Five Things Nathan Myhrvold Taught Us About Cooking
He is one of those people who defies description in a few pages, let alone paragraphs. Sure, Nathan Myhrvold is the founder of Microsoft Research and CEO of the Bellevue, WA-based “invention firm” Intellectual Ventures. But besides information technology and business innovation, he’s a renowned expert in such ridiculously diverse fields as astrophysics, mathematics, paleontology, and photography. He’s also one of at least three tech billionaires to speak at the University of Washington this month.
A few weeks ago, Myhrvold spoke to a crowd of students, faculty, and guests about another one of his great loves: the science of cooking. (His resume as a chef includes winning the world championship of barbecue and working at Rover’s in Seattle’s Madison Valley neighborhood.) As part of the computer science and engineering department’s Distinguished Lecturer Series, Myhrvold’s talk covered everything from food safety myths and a tour of Intellectual Ventures’ kitchen lab facilities, to computer simulations of heat intensity above a barbecue grill. He was joined on stage by chef and biochemist Chris Young of Intellectual Ventures, a veteran of the renowned Fat Duck restaurant in England.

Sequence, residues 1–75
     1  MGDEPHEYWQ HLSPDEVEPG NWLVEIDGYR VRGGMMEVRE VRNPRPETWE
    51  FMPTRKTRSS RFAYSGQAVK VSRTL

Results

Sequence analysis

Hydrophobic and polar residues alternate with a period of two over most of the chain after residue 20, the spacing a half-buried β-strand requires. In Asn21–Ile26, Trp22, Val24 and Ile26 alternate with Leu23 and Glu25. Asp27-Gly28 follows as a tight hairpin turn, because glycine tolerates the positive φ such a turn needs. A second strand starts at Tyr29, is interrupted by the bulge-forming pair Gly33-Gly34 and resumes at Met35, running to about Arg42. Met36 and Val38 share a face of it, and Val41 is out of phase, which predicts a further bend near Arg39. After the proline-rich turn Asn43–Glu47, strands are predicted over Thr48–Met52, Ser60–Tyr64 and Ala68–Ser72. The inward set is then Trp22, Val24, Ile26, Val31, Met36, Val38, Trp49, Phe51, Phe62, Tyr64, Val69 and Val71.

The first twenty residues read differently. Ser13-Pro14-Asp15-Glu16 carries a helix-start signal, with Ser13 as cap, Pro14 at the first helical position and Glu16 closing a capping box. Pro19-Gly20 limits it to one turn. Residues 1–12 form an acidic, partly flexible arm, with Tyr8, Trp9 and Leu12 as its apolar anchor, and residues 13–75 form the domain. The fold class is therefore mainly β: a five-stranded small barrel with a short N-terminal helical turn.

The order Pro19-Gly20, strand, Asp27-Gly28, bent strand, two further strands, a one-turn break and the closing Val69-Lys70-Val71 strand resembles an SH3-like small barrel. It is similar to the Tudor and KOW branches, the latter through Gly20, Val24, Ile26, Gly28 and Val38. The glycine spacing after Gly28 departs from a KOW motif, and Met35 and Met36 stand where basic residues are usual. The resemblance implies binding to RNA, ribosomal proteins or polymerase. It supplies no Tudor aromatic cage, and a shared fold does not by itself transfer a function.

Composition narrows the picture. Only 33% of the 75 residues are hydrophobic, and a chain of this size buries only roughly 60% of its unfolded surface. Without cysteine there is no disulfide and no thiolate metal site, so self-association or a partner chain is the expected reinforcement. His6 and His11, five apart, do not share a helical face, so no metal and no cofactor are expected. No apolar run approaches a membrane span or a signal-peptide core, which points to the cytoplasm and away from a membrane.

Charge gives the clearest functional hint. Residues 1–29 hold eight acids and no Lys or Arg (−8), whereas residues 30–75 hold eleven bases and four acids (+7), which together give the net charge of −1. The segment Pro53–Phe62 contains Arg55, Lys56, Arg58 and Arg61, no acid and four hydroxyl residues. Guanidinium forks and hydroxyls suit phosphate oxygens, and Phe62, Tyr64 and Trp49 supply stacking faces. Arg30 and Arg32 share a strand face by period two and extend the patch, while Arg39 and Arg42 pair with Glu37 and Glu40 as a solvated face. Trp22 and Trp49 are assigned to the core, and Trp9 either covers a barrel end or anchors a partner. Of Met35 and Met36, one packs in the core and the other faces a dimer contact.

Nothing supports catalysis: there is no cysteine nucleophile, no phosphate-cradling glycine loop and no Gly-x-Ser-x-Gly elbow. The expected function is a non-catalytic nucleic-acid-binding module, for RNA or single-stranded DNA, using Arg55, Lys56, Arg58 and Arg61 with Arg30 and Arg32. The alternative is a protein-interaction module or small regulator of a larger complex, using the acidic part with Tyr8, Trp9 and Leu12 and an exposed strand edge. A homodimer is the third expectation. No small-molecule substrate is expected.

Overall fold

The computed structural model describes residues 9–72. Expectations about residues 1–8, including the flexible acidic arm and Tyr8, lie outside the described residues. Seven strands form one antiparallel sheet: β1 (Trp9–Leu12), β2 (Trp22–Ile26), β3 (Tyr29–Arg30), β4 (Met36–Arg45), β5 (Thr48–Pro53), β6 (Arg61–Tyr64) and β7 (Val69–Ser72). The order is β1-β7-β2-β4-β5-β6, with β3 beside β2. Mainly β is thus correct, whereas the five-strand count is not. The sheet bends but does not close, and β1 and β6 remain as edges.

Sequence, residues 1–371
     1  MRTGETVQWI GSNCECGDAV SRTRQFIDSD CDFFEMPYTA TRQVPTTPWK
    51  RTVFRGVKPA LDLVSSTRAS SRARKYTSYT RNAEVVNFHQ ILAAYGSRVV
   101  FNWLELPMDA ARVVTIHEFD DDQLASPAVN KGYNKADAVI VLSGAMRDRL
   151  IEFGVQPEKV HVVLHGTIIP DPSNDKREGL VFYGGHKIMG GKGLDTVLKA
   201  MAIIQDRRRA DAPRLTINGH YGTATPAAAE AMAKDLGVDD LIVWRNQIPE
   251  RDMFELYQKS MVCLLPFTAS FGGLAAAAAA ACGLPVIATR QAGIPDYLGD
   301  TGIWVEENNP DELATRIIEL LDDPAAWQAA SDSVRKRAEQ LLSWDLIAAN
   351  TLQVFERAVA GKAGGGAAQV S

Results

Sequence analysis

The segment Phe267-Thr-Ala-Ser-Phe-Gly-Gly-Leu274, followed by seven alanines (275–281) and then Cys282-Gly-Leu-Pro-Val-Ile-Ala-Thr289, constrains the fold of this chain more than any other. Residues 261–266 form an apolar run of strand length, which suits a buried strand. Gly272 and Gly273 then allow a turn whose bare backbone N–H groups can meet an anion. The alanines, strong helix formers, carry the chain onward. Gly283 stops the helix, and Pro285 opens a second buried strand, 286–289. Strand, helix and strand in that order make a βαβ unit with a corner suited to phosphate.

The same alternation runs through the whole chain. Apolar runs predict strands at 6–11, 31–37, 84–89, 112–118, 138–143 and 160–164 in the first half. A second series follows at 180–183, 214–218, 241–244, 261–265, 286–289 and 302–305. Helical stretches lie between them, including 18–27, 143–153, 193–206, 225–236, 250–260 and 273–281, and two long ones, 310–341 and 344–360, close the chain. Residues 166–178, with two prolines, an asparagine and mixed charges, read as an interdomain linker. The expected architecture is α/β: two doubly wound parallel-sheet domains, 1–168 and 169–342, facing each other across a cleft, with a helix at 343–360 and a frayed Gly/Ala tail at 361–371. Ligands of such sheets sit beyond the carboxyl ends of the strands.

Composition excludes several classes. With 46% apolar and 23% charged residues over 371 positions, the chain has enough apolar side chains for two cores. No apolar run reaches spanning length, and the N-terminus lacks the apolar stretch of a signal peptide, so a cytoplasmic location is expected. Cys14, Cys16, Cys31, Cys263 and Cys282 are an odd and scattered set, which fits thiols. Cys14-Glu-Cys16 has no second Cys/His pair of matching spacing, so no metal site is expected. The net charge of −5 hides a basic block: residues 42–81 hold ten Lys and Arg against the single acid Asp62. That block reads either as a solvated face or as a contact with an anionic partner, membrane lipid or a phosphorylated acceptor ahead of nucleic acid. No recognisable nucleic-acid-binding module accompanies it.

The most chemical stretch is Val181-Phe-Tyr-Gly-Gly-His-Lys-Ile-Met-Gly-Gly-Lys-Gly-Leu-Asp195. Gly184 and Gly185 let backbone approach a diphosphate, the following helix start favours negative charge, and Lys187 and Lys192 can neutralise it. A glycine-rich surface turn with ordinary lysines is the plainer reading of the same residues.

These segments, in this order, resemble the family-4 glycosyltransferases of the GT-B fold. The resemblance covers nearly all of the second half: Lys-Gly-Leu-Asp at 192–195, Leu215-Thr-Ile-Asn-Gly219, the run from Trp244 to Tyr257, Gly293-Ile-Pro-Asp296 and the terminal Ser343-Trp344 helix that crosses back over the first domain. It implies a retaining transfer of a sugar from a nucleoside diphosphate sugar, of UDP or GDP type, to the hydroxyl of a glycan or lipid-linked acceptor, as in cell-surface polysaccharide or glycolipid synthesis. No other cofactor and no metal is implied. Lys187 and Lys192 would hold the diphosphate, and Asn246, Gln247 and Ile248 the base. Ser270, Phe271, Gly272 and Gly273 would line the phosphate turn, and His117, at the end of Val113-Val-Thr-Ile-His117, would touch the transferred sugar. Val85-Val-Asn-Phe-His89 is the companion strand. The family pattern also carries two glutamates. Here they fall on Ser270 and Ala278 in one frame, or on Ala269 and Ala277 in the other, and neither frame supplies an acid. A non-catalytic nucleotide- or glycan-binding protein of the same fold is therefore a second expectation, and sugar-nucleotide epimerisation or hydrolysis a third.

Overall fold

Myhrvold and Young have been working on a 1,500-page book on the state of the art in cooking science for about three years, together with a staff of 15. “It’s like a restaurant without diners,” Myhrvold joked. “Unfortunately, it’s also like a restaurant without revenue.”
The focus of the book is to illuminate the cutting-edge science behind cooking techniques, and to stimulate people’s curiosity about food while also being practical for chefs. “There’s a revolution in cooking going on today. If you keep doing the old thing over and over again, you don’t actually need to know why it works,” Myhrvold said. “If you want to do things that are new and different and unusual, it really helps to know why.”
Highlights of the talk included high-speed (6,200 frames per second) video of a popcorn kernel popping and a water balloon bursting; discussion of what happens to food when you subject it to 40,000 times Earth’s gravity (“kind of a cool thing to do to food every now and again”); and the creation of a batch of almond-based ice cream using liquid nitrogen.
Here are just a few things Myhrvold left us with:
1. Cookbooks are like software. Someone in the audience asked Myhrvold when the cooking science book would be available. “A damn fine question,” he replied. “I come from a history … Next Page »